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Ontario field study | Researchers unable to link insecticide exposure and bee colony health

A comprehensive field study conducted last summer near Guelph, Ont., found no link between insecticidal seed treatments and bee health.


The findings are in contrast to European reports suggesting insecticides are destroying bee colonies across the globe,


Researchers are still reviewing the Ontario data, but the evidence shows that canola treated with clothianidin, a Bayer neonicotinoid, is not a threat to bee colony health, said Cynthia Scott-Dupree, a professor in the University of Guelph’s School of Environmental Sciences.


“From the data that I’ve seen, I’m not seeing any effect of exposure … to canola treated with clothianidin,” said Scott-Dupree, who led the field study with Chris Cutler of Dalhousie University.


Bees exposed to the insecticide produced virtually the same amount of honey as a control group of bees, said Scott-Dupree.


“A reduction in honey yield is an indication of overall poor colony health. If the pesticides are having an impact, the bees are not going to be foraging.”


The study comes at a time when European Union countries are banning or considering restrictions on three popular neonicotinoids: clothianidin, thiamethoxam and imidacloprid. Studies released last year in France demonstrated that bees exposed to thiamethoxam, a Syngenta product better known as Cruiser, were twice or three times as likely to die while foraging because they couldn’t find their way back to the hive.


A Scottish study demonstrated that colonies exposed to imidacloprid, a Bayer insecticide, produced 85 percent fewer queens than the control group.


The studies, subsequent reports and newspaper headlines compelled European politicians to respond.


The European Commission recommended that EU countries prohibit the use of the three neonicotinoids in seed treatments and crop application for two years beginning this spring. 


Bayer funded Scott-Dupree’s canola study at a cost of $950,000 in an effort to produce field scale data on clothianidin and its impact on bee health.


“That’s huge. That’s (for) a one year study,” she said. “Last year it was the largest bee project that (Bayer) had going globally.”


Scott-Dupree and eight employees placed 40 bee colonies in 10 canola fields near Guelph last summer. Five canola fields had seed treated with clothianidin and five fields did not. The fields were 10 kilometres apart and five acres in size.


The hives were placed in the middle of the canola fields at 25 percent canola bloom, and the bees foraged on the canola for two weeks. 


Following exposure, the 40 colonies were moved to a military site near Meaford, Ont., on a peninsula that extends into Lake Huron, to ensure the bees wouldn’t forage on crops treated with neonicotinoids for the remainder of the summer.


Scott-Dupree measured three factors besides honey production: bee deaths, weight gain of colonies while foraging on canola, and insecticide residue on bees and in pollen, nectar, beeswax and honey.


Scott-Dupree said she couldn’t share much information about insecticide residue because scientists at a U.S. Department of Agriculture lab are examining and analyzing samples taken during the study.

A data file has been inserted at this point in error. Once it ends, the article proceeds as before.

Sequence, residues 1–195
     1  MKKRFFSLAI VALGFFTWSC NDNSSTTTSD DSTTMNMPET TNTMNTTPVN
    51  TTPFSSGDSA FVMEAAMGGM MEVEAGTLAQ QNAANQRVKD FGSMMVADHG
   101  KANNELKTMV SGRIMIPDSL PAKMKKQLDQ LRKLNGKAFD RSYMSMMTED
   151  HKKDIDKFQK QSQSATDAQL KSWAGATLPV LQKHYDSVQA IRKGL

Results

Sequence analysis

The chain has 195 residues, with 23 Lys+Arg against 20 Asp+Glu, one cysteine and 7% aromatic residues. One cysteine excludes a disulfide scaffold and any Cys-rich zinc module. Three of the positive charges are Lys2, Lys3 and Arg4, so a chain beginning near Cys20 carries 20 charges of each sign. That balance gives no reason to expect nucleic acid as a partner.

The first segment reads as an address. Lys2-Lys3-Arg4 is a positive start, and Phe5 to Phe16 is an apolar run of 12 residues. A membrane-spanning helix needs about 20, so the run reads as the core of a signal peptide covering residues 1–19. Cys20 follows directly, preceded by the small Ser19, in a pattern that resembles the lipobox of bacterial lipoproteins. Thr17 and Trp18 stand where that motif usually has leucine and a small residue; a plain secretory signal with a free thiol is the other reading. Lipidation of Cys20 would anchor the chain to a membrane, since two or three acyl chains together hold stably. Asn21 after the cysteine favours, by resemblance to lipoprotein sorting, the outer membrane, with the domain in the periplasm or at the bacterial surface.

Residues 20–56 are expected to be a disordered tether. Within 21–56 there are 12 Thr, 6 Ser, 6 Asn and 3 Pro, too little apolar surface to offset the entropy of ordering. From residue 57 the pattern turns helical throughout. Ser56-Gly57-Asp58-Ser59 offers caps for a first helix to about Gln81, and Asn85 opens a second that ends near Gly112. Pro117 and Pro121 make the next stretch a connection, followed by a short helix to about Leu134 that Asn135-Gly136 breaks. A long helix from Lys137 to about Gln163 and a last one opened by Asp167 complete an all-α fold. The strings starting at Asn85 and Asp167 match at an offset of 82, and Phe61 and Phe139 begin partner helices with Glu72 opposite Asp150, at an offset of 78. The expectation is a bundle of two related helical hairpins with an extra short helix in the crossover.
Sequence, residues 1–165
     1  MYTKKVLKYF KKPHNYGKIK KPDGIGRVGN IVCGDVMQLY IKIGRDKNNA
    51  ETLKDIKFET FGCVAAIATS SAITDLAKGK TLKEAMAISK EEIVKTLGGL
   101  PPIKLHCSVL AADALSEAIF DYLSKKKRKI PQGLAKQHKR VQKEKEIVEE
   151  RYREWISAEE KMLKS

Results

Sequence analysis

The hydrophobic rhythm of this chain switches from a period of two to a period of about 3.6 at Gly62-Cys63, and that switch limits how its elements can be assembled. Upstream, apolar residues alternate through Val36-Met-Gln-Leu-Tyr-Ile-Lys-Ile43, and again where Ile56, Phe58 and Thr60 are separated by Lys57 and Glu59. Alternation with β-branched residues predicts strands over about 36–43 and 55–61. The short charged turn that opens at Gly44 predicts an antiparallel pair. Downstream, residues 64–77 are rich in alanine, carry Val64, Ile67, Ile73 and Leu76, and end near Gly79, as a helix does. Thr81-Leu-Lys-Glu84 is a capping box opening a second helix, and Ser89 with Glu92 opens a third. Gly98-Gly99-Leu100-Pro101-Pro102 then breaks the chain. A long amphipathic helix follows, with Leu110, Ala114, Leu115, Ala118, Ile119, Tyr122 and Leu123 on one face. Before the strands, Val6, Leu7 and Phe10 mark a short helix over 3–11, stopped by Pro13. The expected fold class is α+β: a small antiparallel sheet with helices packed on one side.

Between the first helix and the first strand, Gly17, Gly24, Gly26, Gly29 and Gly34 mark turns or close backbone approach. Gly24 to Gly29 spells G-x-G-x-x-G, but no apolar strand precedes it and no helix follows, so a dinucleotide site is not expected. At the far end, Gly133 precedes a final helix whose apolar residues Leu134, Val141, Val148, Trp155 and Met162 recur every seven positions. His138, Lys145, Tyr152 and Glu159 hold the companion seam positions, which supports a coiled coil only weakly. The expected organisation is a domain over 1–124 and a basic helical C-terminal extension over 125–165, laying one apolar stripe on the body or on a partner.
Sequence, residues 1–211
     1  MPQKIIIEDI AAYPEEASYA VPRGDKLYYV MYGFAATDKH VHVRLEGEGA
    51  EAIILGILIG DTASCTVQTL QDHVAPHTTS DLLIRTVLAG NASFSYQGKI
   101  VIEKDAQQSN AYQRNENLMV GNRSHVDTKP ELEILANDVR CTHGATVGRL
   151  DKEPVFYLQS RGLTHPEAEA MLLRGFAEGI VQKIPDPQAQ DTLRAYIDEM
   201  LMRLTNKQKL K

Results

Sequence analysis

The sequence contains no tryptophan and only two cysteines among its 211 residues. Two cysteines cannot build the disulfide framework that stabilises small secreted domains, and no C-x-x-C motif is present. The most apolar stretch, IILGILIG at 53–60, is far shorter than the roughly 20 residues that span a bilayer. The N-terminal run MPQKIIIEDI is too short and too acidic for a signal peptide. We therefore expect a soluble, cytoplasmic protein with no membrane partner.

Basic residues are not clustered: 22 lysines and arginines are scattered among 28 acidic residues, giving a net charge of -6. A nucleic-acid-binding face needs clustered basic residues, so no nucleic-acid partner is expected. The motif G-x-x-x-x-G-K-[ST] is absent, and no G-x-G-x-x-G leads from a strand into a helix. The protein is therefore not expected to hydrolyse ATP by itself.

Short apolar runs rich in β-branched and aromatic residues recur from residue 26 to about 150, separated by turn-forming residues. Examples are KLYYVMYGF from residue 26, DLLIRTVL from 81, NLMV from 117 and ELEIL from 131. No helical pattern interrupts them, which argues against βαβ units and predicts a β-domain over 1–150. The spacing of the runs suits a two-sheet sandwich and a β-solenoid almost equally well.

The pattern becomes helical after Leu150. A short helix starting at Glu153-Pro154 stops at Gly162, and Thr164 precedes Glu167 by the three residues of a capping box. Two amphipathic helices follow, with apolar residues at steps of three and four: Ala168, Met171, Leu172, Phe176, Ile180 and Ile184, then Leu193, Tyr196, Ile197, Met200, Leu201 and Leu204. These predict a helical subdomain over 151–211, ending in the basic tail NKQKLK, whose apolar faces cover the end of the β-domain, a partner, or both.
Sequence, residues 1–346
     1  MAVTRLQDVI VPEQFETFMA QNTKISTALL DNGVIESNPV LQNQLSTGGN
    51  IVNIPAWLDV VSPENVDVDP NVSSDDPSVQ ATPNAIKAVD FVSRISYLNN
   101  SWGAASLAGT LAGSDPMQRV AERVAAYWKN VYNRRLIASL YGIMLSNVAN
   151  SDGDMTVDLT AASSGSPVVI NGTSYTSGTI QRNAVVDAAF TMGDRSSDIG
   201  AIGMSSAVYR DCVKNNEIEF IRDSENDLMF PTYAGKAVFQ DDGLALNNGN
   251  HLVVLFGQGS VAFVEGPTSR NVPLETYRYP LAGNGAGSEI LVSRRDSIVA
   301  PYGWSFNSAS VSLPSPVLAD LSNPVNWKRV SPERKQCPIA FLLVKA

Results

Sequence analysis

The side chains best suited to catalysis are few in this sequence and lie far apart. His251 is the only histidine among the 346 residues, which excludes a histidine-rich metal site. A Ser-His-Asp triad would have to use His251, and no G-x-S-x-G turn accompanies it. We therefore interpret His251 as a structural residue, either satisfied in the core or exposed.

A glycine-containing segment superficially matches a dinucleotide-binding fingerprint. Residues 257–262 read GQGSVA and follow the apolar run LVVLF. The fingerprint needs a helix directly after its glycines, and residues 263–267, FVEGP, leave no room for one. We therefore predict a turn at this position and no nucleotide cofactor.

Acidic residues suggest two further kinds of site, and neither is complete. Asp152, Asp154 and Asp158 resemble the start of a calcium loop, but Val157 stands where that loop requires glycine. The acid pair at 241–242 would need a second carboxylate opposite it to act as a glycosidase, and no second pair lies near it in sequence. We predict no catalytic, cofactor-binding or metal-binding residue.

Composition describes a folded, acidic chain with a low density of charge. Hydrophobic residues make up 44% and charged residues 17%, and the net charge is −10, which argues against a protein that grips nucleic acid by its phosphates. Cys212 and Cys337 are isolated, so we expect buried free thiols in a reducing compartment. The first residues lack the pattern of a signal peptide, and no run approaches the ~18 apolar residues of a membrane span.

“I’m not (aware) of all the residue data, but I do know that all our samples collected while bees were at the (military site) … were free of all neonicotinoid residues.”


The research team also spent $30,000 on photography equipment to document colony health throughout the experiment, taking 12,000 images during the trial.


“We used digital photography to assess the amount of field brood and the number of adults on all frames in the colony,” she said.


“There is software … that will actually determine the amount of field brood and amount of adults on all those frames.”


The research team hasn’t yet analyze all the photos.


The U.S. Environmental Protection Agency and Canada’s Pest Management Regulatory Agency, which oversaw and signed off on the field study protocols, requested the photography work.


Scott-Dupree said she knows critics will say she’s in Bayer’s back pocket or focus on the study’s weaknesses when it is submitted for publication later this year, even though the EPA and PMRA verified the protocols and an independent quality assurance team supervised data collection and analysis. 


“I know that this research is done at a very high level,” she said.


“I think when people read it, instead of accepting the results, they (will) look for the gaps and what the negatives are. ‘Well, you didn’t do this.’ ”


The difficulty performing field studies on honeybees will be a potential criticism.


“Unfortunately, the colony is so incredibly complex in regards as to how it interacts with chemicals in the natural system,” said Chris Mullin, an entomologist who studies pesticides and pollinator health at Penn State. 


“You can do all you want about trying to umbrella the beehive in a field situation, that they can’t forage beyond a certain point…. But that’s not how it works in real life…. The field studies are almost impossible.”


However, Scott-Dupree said policy- makers and the media shouldn’t focus solely on laboratory studies of neonicotinoids and bees. 


“The importance of these field studies is substantial because a lot of the critical data indicating that neonics are killing the bees is based on laboratory studies,” she said. 


“The doses the bees are exposed to (in lab studies) are far above what a realistic field dose exposure would be…. What those studies prove is, yes, neonicotinoids are toxic to bees. Am I surprised? No. They are insecticides and bees are insects.”

  • Researchers haven’t analyzed all the data, but early results indicate 
there is no impact on bee health at field level doses.

  • Hives comprising bees that foraged on canola grown with clothianidin treated seed produced 52.8 kilograms of honey, while the control group produced 51 kg. Average Ontario honey yield in 2012 was 37 kg.

  • There was no difference in colony weight gain between bees exposed
to clothianidin and the control group.

  • Dead bee counts, done over four assessment dates during canola 
bloom, showed 140 dead bees in hives exposed to clothianidin 
and 133 dead bees in the control group.

http://www.producer.com/2013/03/study-counters-reports-of-seed-treatment-bee-link/